The Spectator

A weekly, UK-based magazine covering current political, economic, and cultural issues. Articles include interviews, commentary, opinion pieces, essays, and cultural criticism.

Articles from January 2007

Ancient & Modern
The country 'needs' more scientists, but no one yet seems able to crack the problem. Ancient attitudes may suggest a way ahead. The earliest Greek 'scientists', c. 600 BC , speculated about how the world was made. They assumed there was a basic stuff...
Brown Will Find That There's More to Foreign Policy Than Disowning Blair
From the moment that the snatched camera-phone footage of Saddam Hussein's execution emerged, it was hideously clear that the sentence had been carried out in a deplorable manner. The Americans immediately briefed that their calls for a delay had been...
Bush's Fate Is Now Entirely Dependent on Iraq
Washington On 5 January the newly installed Speaker of the House, Nancy Pelosi, and the Senate Majority Leader, Harry Reid, sent a letter to President Bush. 'News reports suggest, ' the two Democrats wrote, 'that you believe the solution to the civil...
Care for the Dying
From Dr Andrew Lawson Sir: Charles Moore seeks to perpetuate the myth of a 'death threat' for seriously ill patients when going into hospital, alluding to the supposed widespread practice of withholding fluids from sick patients (The Spectator's Notes,...
Confessions of an Oscar Voter
On 16 May 1929 a modest ceremony took place in the Blossom Room at the Hollywood Roosevelt Hotel. As the age of talkies began, a number of the great and good gathered to partake of squab, lobster, terrapin, salad and fruit suprème before handing out...
Diary
The new year is little more than a week old and while everybody else is no doubt still righteously munching lettuce leaves, joining gyms and going teetotal, I've already broken Personal Resolution Number One: to reduce my carbon footprint. Barely off...
Diary of a Notting Hill Nobody
MONDAY Who would have thought thrift could be so much fun! Am having a ball teaching working people to be careful with their money as part of our 'Live Life For Less' campaign. Obviously we can't actually cut the cost of living or mess about with interest...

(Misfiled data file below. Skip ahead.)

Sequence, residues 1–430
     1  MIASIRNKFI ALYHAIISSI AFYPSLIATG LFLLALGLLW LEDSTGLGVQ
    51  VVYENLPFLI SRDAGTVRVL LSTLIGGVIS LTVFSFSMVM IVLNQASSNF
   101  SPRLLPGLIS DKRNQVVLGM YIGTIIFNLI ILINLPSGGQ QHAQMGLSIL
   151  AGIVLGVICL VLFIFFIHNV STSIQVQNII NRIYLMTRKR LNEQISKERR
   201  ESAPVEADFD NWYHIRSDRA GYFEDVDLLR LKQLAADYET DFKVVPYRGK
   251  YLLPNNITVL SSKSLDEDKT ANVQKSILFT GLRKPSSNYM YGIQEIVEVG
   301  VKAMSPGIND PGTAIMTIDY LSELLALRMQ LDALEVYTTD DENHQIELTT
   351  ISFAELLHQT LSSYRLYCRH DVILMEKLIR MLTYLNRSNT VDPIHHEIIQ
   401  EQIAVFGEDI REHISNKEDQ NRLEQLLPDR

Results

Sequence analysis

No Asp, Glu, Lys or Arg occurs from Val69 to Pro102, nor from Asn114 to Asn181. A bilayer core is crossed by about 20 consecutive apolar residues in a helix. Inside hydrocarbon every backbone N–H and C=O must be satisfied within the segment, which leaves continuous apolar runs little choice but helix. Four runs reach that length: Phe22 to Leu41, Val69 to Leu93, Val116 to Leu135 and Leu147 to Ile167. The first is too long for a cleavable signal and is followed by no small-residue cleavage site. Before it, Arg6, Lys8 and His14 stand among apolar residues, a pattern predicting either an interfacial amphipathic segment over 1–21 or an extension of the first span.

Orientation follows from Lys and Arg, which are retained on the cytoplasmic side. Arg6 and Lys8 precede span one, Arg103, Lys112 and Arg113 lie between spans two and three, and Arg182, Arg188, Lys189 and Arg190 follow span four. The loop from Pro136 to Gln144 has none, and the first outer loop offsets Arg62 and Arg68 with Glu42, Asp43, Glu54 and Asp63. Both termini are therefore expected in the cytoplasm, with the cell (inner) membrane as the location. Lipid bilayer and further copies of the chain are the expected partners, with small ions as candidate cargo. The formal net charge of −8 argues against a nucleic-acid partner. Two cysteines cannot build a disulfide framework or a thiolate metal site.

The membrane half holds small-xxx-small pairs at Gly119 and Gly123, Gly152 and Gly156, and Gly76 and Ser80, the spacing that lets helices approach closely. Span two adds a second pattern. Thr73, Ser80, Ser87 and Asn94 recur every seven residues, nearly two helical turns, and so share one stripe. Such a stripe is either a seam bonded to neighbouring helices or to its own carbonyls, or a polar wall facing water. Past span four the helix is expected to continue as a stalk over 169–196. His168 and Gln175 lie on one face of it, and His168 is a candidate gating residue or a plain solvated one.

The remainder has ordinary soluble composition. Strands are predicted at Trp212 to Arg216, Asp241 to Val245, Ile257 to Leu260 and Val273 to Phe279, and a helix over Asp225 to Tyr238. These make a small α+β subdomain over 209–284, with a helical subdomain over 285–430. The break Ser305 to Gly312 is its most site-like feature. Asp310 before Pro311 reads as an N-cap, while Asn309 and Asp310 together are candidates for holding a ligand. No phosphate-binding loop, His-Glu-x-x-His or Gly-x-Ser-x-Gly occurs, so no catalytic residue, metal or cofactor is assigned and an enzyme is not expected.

Fancy a New Career for 2007? Computer Says No
It has become a cliché of modern political rhetoric and social commentary to declare that the typical 21st-century worker will have not one but several careers. Those in the job market are warned that they will have to be ever more versatile and nimble...
Hope for Iraq
From Dr Duncan Anderson Sir: Correlli Barnett (Letters, 6 January) declares William Shawcross deluded and the Prime Minister deranged. They are, apparently, the only people left in Britain who believe the Iraq intervention to be anything other than...
How at Last We Got It Together
THE NATION'S MANTELPIECE : A HISTORY OF THE NATIONAL GALLERY by Jonathan Conlin Pallas Athene, 42 Spencer Rise, London NW5 1AP, Tel: 0207 692 9984, £24.99, pp. 555, ISBN 1843680181 . £19.99 (plus £2.45 p&p) 0870 429 6655 Stand in the Corinthian...
How Cameron Has Made the Tories the Only Party Ready for an Election
The Byron Consort Choir of Harrow School is exacting in its choice of audience. It has sung for popes and for royalty -- and the setting for its performance at Blenheim Palace one night last month was grand enough for either. Trumpeters manned the gates...
In Praise of the Green-Eyed Monster
Like all right-thinking people, I was initially rather dismayed to read about Bafta's decision to drop the current affairs category from its annual television awards. From now on, it seems, current affairs programmes will have to compete against the...
In Search of Genghis Khan
Writing a historical fiction series on Genghis Khan was always going to be a challenge. Mongolia is an alien place, with a hard climate, grinding poverty, rabies and bubonic plague. To write his story, I needed a thousand small details I could not find...
Israel's 'Spin'
From Alex Bigham Sir: Douglas Davis has clearly been spun a good line by some Israeli military analysts if he thinks the Israeli threat to use nuclear bombs against Iran is more than that -- a ruse to scare Iran into returning to the diplomatic table...
It's the Incompetence, Stupid
If a week is a long time in politics, then 13 years is a positive eternity. In 1994 it emerged that the new Leader of the Opposition, Tony Blair, had sent his eldest child, Euan, to the London Oratory School -- a school that had opted out of town hall...
Keep Your Neuroses to Yourself
One of the things I find most offensive about the modern world is the way everyone so easily takes offence. A friend tried it on me the other day in an email which quite ruined my morning. 'I think u have been quite rude to be honest, ' she said, and...
Luminous Serenity
Shanti Panchal: In the Mind's Eye Chelmsford Museum, Oaklands Park, Moulsham Street, Chelmsford, until 18 February Born in Gujarat, western India, in 1951, Shanti Panchal studied art in Bombay before coming to London on a British Council scholarship...
More on More
From Sir Rowland Whitehead Bt Sir: Julian Brazier puts the case for Thomas More (Letters, 6 January). May I respond? In the clash between two passionate men, More poured seething, and at times almost scatological, venom on Tyndale; the latter replied...
Not What Europe Wants to Hear
AMERICA ALONE by Mark Steyn Regnery Publishing, £15.99, pp. 256, ISBN 0895260786 . £12.79 (plus £2.45 p&p) 0870 429 6655 Between the revolution and the firing squad, a Russian aristocrat once observed, there is always time for a bottle of champagne....